By Yaakov Lappin, JNS
With its high-tech developments in operation around the world, including in use by 15 NATO members, Elbit’s newest systems provide automatic visual warnings about tall obstacles, and combines outer and inner data into a single seamless image seen by the pilots.
Israel’s Elbit Systems defense company has won a new contract to supply the U.S. Army with advanced night vision technology, and while the contract is significant, it represents the tip of the iceberg when it comes to Elbit’s involvement in the global night vision market.
According to a company statement, Elbit’s U.S. subsidiary, Elbit Systems of America, was awarded a contract worth approximately $50 million to produce spare parts in support of the U.S. Army’s Aviators Night Vision Imaging System Head-Up Display system (ANVIS HUD, in short).
The contract will take five years to complete.
The ANVIS HUD connects to the helmets of Army helicopter pilots, allowing pilots’ heads to remain upright and looking out of the aircraft with all relevant information presented in front of the pilots’ eyes, instead of them needing to look down or inside the cockpit to view information.
The product represents decades of evolution in Elbit’s night vision capabilities, which begins, at its basic level, with its night vision goggles (NVG)—high-end equipment that amplifies starlight. They are in use by soldiers and pilots of transport and combat helicopters worldwide, as well as other forces that rely on nocturnal operations.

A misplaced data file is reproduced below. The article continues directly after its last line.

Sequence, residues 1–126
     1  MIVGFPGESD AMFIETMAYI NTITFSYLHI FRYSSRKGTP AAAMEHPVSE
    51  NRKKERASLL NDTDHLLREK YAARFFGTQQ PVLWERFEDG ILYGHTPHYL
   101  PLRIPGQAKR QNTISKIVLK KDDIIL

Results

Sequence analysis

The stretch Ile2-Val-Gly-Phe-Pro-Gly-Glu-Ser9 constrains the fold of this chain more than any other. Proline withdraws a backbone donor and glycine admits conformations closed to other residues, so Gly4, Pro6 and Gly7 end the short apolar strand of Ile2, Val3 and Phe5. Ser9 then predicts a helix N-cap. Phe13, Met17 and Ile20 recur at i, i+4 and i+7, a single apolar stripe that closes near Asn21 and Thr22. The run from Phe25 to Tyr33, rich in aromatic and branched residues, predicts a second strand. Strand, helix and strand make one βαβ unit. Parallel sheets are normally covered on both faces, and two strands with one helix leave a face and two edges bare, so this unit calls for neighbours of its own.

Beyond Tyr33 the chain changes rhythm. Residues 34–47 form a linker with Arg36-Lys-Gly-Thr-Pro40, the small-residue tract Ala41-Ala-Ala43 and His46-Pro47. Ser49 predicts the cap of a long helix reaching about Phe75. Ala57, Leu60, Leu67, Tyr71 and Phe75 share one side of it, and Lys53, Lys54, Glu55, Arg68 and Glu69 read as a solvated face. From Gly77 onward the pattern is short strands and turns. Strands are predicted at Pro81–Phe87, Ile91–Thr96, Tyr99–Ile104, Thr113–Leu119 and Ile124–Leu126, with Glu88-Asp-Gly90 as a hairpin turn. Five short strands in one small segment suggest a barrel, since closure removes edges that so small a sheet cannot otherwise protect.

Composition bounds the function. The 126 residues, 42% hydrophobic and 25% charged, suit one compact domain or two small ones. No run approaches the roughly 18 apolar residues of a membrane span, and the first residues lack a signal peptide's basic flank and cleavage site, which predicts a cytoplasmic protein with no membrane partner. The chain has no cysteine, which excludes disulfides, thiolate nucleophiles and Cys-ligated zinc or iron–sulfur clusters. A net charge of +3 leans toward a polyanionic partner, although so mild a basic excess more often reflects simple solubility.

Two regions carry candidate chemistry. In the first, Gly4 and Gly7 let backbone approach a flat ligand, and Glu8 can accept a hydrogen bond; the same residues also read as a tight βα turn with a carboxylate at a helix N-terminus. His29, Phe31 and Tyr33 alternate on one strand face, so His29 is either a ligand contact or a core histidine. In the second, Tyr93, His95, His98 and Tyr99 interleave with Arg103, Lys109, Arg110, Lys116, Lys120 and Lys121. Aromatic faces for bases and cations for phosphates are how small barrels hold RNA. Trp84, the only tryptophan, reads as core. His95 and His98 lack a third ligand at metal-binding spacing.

To that end, Elbit supplies more than 80 percent of the world’s high-end night vision goggle equipment.
An important milestone in the technology occurred decades ago when Elbit began superimposing symbols on top of the night vision imagery. Elbit was the first company in the world to project symbols into the eyes of helicopter pilots, showing them their speed, altitude, engine data and other cockpit information. “We started doing this 30 years ago with the Israel Air Force, and then with 27 other countries around the world that we sell this, too,” a company source explained.
The system plugs into the plane’s computer, accessing the relevant data and projecting the symbols straight to the pilot’s eyes. As a result, the pilots have “no reason to lower their head and look into the cockpit. They get all of the needed data while looking outwards. Many air forces have begun to fly like this,” said the source.
The ANVIS HUD system represents a more advanced phase in this world. This night vision head-up display system connects to the helicopter pilot’s helmet and projects not only the aircraft’s own internal data, but also data about the external world surrounding the aircraft.
‘It attracts attention to the relevant place’
The system introduced two major changes. The first is what the source described as “3D symbols,” or a form of augmented reality. This became possible since the system knows where the pilot and co-pilot are looking, and can inject their view with visual data about their environment.
By knowing where the pilots are looking at, the system can then highlight information such as the location of a powerline coming up ahead, a high mountain, the name of the town a pilot is flying over and where the aircraft will soon be landing.
The system provides automatic visual warnings about tall obstacles, and combines outer and inner data into a single seamless image seen by the pilots.
“We have to present the data—it’s not enough to know that there’s a powerline coming up in five kilometers. We need to mark it out in yellow, and then the pilots can identify the obstacle that they were told about in their pre-flight briefing,” added the source.
The second aspect that allows this technology to be available is the introduction of color into night vision technology.